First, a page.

1 author picked The Cambridge History of China as one of their favorite books, and they share why you should read it.

What is this book about?

This is the first of two volumes in this major Cambridge history dealing with the decline of the Ch'ing empire. It opens with a survey of the Ch'ing empire in China and Inner Asia at its height, in about 1800. Contributors study the complex interplay of foreign invasion, domestic rebellion and Ch'ing decline and restoration. Special reference is made to the Peking administration, the Canton trade and the early treaty system, the Taiping, Nien and other rebellions, and the dynasty's survival in uneasy cooperation with the British, Russian, French, American and other invaders. Each chapter is written by a specialist…


Book cover of China's Last Empire: The Great Qing

Henrietta Harrison Author Of The Perils of Interpreting: The Extraordinary Lives of Two Translators between Qing China and the British Empire

From my list on Qing Dynasty China from an Oxford historian.

Why am I passionate about this?

I’m a historian of modern China in the department of Chinese at the University of Oxford. I started off working on the twentieth century but have been drawn back into the Qing dynasty. It’s such an interesting and important period and one that British students often don’t know much about! 

Henrietta's book list on Qing Dynasty China from an Oxford historian

Henrietta Harrison Why did Henrietta love this book?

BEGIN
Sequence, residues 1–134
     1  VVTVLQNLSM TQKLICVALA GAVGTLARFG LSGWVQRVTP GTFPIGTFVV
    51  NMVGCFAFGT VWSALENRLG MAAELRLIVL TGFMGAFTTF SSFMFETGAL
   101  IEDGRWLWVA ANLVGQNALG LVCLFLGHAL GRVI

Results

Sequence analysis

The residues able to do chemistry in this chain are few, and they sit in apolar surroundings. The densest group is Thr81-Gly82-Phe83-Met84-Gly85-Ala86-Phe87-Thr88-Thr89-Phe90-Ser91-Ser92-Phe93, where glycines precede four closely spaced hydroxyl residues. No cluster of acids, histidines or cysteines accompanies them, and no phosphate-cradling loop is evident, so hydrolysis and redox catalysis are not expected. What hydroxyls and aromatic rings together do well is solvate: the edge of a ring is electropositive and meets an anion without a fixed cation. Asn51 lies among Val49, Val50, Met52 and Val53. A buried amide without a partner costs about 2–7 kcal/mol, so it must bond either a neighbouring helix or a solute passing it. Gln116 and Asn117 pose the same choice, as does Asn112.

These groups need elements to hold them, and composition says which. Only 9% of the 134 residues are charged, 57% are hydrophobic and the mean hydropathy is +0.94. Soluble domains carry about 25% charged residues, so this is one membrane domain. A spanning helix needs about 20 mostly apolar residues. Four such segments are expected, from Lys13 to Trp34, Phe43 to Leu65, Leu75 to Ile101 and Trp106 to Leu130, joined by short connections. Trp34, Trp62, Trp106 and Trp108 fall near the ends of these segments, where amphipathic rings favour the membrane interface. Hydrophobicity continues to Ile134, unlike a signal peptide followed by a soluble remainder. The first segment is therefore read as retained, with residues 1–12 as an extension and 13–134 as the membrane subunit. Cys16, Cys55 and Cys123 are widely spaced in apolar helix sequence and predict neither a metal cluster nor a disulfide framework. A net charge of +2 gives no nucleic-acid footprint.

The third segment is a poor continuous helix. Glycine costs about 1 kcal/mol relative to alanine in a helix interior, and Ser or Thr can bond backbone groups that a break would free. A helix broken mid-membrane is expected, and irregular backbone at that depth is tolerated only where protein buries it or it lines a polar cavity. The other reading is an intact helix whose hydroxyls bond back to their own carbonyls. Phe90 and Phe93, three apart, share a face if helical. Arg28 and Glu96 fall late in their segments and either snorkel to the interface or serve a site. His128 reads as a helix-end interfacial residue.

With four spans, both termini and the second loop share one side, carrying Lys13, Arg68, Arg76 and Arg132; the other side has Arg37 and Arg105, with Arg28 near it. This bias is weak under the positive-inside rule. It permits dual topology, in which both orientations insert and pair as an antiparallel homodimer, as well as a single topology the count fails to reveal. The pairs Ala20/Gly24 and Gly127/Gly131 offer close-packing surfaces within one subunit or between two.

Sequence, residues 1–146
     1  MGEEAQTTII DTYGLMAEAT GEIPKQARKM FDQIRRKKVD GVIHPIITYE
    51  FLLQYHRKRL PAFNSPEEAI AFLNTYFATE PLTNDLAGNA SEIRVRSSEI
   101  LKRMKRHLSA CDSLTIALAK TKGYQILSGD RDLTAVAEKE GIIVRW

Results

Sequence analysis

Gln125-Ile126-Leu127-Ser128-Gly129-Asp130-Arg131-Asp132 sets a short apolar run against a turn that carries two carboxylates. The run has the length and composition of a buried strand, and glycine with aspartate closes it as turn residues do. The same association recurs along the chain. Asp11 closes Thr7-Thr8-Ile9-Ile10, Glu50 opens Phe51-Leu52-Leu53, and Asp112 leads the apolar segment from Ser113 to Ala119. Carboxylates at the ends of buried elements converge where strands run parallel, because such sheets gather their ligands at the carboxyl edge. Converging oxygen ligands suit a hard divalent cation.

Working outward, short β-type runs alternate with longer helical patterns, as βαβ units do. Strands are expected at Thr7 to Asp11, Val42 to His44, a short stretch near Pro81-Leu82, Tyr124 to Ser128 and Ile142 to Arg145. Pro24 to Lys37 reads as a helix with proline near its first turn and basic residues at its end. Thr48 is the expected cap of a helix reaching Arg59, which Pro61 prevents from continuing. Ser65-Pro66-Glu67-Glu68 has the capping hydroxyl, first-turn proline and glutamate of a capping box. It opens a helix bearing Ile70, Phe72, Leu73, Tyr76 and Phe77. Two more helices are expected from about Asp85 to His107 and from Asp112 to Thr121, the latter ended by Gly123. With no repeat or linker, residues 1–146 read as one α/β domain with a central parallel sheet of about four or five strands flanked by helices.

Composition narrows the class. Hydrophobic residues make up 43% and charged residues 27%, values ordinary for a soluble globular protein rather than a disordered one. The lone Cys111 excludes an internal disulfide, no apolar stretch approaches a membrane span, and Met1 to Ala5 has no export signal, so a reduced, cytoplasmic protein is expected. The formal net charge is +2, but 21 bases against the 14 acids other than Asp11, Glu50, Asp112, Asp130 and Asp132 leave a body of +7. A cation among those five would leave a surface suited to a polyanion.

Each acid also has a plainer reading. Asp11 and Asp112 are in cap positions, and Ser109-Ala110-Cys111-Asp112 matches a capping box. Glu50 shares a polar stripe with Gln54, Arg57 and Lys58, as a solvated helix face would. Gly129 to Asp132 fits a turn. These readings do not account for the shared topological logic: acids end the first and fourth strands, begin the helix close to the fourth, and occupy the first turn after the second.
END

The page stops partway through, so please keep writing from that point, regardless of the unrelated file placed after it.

I think this is the best up-to-date history of the Qing dynasty. I use it for teaching because it’s completely reliable, covers everything you might need to know, and lays it all out clearly.

It also has a really good balance between the history of major events like the Opium Wars and the Taiping Rebellion and the social history and context. And I like the fact that it explains the big debates that scholars are having in clear and simple terms.

By William T. Rowe, Timothy Brook (editor),

Why should I read it?

1 author picked China's Last Empire as one of their favorite books, and they share why you should read it.

What is this book about?

In a brisk revisionist history, William Rowe challenges the standard narrative of Qing China as a decadent, inward-looking state that failed to keep pace with the modern West. The Great Qing was the second major Chinese empire ruled by foreigners. Three strong Manchu emperors worked diligently to secure an alliance with the conquered Ming gentry, though many of their social edicts - especially the requirement that ethnic Han men wear queues - were fiercely resisted. As advocates of a 'universal' empire, Qing rulers also achieved an enormous expansion of the Chinese realm over the course of three centuries, including the…


5 book lists we think you will like!

Interested in China, the Qing dynasty, and the Ming dynasty?

10,000+ authors have recommended their favorite books and what they love about them. Browse their picks for the best books about China, the Qing dynasty, and the Ming dynasty.

China Explore 583 books about China
The Qing Dynasty Explore 28 books about the Qing dynasty
The Ming Dynasty Explore 18 books about the Ming dynasty